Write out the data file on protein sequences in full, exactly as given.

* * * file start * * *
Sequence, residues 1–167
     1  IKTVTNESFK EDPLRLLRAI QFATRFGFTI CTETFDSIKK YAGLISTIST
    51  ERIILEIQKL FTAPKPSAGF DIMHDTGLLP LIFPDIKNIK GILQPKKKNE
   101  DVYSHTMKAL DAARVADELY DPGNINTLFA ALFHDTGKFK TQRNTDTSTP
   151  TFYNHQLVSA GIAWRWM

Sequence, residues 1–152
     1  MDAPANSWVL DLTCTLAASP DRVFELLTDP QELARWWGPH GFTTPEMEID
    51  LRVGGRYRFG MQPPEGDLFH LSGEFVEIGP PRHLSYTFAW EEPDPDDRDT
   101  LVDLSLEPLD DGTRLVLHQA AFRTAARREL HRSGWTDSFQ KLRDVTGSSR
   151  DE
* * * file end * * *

Sequence, residues 1–167
     1  IKTVTNESFK EDPLRLLRAI QFATRFGFTI CTETFDSIKK YAGLISTIST
    51  ERIILEIQKL FTAPKPSAGF DIMHDTGLLP LIFPDIKNIK GILQPKKKNE
   101  DVYSHTMKAL DAARVADELY DPGNINTLFA ALFHDTGKFK TQRNTDTSTP
   151  TFYNHQLVSA GIAWRWM

Sequence, residues 1–152
     1  MDAPANSWVL DLTCTLAASP DRVFELLTDP QELARWWGPH GFTTPEMEID
    51  LRVGGRYRFG MQPPEGDLFH LSGEFVEIGP PRHLSYTFAW EEPDPDDRDT
   101  LVDLSLEPLD DGTRLVLHQA AFRTAARREL HRSGWTDSFQ KLRDVTGSSR
   151  DE